The speed at which you’re walking can also influence your foot strike. When you’re strolling leisurely, it’s easier to set your foot down however you want without much impact. As you speed up, it becomes more important to avoid heel striking, as the increased pace can amplify the impact force of each step.

In the end, the “right” foot strike for walking depends on a combination of these factors. If you’re new to barefoot-style hiking or walking, experiment around a bit, and get a feel for your options. Once you have a little bit of experience under your soles, the optimal way to step into any ground comfortably and efficiently will come naturally to you.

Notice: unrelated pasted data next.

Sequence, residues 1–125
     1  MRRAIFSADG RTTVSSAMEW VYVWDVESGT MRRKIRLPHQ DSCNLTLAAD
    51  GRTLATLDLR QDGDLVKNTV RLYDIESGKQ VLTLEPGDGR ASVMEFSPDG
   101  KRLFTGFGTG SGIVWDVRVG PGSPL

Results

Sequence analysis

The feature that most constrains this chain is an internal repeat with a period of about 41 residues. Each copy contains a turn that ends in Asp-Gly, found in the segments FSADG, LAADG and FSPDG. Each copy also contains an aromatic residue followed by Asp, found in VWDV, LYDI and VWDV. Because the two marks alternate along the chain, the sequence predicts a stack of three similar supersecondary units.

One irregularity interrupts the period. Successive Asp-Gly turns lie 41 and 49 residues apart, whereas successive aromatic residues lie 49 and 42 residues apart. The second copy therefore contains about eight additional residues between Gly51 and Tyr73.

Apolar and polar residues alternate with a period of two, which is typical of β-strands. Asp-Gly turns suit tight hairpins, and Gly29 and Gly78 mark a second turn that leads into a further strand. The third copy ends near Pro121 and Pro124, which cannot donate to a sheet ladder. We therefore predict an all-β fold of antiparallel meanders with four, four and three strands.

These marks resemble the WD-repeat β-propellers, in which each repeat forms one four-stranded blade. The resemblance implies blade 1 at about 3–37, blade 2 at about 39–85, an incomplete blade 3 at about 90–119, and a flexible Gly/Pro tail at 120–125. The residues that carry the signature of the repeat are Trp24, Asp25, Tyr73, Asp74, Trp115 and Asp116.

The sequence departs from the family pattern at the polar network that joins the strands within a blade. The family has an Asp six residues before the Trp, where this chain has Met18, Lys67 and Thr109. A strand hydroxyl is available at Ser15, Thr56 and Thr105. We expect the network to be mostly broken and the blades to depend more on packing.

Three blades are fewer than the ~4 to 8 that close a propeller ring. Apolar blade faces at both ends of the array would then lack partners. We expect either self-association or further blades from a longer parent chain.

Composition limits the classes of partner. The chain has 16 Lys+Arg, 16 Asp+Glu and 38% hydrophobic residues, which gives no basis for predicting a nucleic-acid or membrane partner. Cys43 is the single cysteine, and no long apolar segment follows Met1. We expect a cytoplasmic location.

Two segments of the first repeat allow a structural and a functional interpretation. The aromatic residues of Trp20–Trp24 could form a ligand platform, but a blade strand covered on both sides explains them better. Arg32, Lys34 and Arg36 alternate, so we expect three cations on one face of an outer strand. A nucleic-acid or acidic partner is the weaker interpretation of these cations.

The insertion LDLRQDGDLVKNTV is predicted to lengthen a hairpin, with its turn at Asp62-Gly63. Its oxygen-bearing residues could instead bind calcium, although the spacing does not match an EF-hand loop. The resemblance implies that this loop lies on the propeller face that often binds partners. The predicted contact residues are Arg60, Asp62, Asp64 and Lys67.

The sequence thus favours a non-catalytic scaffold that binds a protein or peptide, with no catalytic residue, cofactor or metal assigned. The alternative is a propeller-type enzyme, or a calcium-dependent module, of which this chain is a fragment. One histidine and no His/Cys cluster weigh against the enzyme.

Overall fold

Walking, something we do every day without much thought, is a complex interplay of biomechanics, footwear, terrain, and personal comfort. Whether you’re a heel striker, a midfoot cruiser, or a forefoot adventurer, the most important thing is that you’re comfortable and injury-free.

If you’re just starting to explore the world of natural gait, it might feel a bit overwhelming. But luckily, our bodies are incredibly adaptable. With a bit of practice and patience, you can learn to walk in a way that’s in tune with your body’s natural mechanics.

So, whether you’re strolling through the park, hiking up a mountain, or just running errands, pay attention to your feet. Experiment with different foot strikes. Try out different types of footwear. Notice how different terrains and inclines affect your gait.

In the end, the “right” way to walk is the way that feels best for you. So, lace up those shoes (or don’t!), hit the trail, and let your feet guide you.

trail through sunny needle forest